“Everythin’ a fiver!” “Three for a tenner!”
The voices of stallholders hawking their wares echo their way down London’s Columbia Road. Bouncing off the brickwork on this narrow street, made to feel narrower still by the amount of bargain-hunting bodies that snake their way among potted plants and bunches of blooms.
This is Columbia Road Flower Market, which takes place every Sunday, come rain or shine – because a little bit of weather never put a true East Ender off. For over 150 years, traders and Londoners have come together at this iconic East London market to sell and buy plants and flowers. And after five years in London, I actually finally got around to visiting for the first time over the Bank Holiday weekend.
Columbia Road Market was originally established in 1869, and the flower market itself began its life as a Saturday market. As the Jewish population grew, demand resulted in a Sunday market – which kept going even when the Saturday market folded. And in its current form, it’s as popular as ever with locals, visitors, and anyone looking to brighten up their Instagram feed.
Usually, I’m not much of a flower buyer. I like them, but I’m not one of the kind of people who’ll buy ’em fresh every week. I’m more a ‘find some cheap ones, feed them when I remember and hope they don’t drop dead petals all over my sink’ kinda girl.
But it was almost impossible to resist buying ALL the flowers at Columbia Road Flower Market – and even if you’re not buying, it’s still a street you need to take a stroll down, if not just for its history and the real East End market vibe first hand. It’s a true authentic London experience.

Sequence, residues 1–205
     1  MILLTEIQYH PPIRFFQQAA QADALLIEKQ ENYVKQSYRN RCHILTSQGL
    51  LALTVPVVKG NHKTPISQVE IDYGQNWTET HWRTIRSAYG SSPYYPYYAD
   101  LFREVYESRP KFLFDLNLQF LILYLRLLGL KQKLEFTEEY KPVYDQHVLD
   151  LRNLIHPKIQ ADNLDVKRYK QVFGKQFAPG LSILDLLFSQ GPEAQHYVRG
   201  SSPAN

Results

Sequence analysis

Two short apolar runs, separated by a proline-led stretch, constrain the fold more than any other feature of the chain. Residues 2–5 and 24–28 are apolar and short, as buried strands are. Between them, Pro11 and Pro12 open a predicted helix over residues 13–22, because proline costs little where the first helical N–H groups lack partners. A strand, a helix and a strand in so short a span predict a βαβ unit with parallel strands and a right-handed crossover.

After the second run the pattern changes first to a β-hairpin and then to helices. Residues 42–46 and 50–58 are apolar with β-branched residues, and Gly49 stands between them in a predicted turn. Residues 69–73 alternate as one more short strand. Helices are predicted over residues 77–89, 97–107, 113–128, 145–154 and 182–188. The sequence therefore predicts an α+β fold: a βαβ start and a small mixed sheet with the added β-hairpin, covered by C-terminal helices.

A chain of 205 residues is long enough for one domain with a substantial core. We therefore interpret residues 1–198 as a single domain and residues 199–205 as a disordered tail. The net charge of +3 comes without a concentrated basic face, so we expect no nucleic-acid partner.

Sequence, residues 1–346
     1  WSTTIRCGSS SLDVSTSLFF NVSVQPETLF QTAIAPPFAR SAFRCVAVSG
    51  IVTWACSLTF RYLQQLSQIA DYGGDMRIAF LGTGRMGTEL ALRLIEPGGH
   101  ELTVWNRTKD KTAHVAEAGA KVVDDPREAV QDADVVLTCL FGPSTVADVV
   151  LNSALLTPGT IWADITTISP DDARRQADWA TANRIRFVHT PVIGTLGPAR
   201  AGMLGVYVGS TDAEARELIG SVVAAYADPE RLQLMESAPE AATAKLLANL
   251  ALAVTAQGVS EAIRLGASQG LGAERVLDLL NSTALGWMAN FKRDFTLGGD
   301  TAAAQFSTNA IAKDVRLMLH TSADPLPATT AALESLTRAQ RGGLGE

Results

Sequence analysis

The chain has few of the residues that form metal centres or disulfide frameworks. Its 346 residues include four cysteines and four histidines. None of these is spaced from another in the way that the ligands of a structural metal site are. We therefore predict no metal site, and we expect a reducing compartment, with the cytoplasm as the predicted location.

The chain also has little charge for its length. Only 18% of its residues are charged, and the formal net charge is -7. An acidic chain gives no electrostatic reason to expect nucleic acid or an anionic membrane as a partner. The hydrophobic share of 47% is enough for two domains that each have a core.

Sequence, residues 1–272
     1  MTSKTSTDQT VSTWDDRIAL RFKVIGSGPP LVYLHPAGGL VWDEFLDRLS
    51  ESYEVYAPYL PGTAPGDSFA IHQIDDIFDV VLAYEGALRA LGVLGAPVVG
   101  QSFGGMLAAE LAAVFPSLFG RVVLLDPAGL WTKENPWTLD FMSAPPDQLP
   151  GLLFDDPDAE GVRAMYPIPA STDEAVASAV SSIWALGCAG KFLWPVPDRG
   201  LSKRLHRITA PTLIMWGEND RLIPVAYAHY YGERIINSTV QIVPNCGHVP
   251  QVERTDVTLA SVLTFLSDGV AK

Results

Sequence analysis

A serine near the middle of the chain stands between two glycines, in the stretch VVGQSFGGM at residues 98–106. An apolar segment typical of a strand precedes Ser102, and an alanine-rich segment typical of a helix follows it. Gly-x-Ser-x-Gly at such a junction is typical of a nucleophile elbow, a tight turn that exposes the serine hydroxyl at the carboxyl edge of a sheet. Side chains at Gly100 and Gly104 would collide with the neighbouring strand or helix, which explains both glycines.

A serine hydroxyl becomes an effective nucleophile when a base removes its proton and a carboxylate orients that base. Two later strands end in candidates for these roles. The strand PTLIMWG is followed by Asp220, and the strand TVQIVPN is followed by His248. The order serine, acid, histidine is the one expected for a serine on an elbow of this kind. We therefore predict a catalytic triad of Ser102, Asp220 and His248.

A Guide To Columbia Road Flower Market: Useful Things To Know
If you are thinking of buying, you’re definitely in for a bargain. The market runs from 8am til 3-ish – even on Easter Sunday. We headed down at around 2.30pm, at the very end of the market day, when lots of sellers were putting down their prices and shouting about their end-of-day offers.
It was still busy, and the narrow walkways can get a little claustrophobic, but everyone was polite and calm, with no frenzied pushing and shoving. If you do want to beat the crowds, I’d recommend heading down super early. You might miss out on some bargains later on, but you’ll get the literal pick of the bunch.
As it was such an ‘old fashioned’ style of market, I was expecting a cash only kinda situation – but lots of the stalls actually take card payments (most seemed to have a minimum spend of £10).
Although the flowers are the focus, they’re not the only things you can pick up here – we took a turn down Ezra Street and found a second hand flea market stall, as well as a tiny door advertising British Rock Oysters and Bloody Marys. Which did look a bit odd next to a Dreams beds store, granted, but it’s further testament to how well London merges the old with the new, and the corporate with the independent.
As well as the market stalls themselves, you’ll also find plenty of regular independent stores in the area that are open all week long – including art, clothing, gifts, food and drink. If you want to get a real taste of the area and one of London’s most famous markets, though, Sundays here are bloomin’ awesome.
Columbia Road Flower Market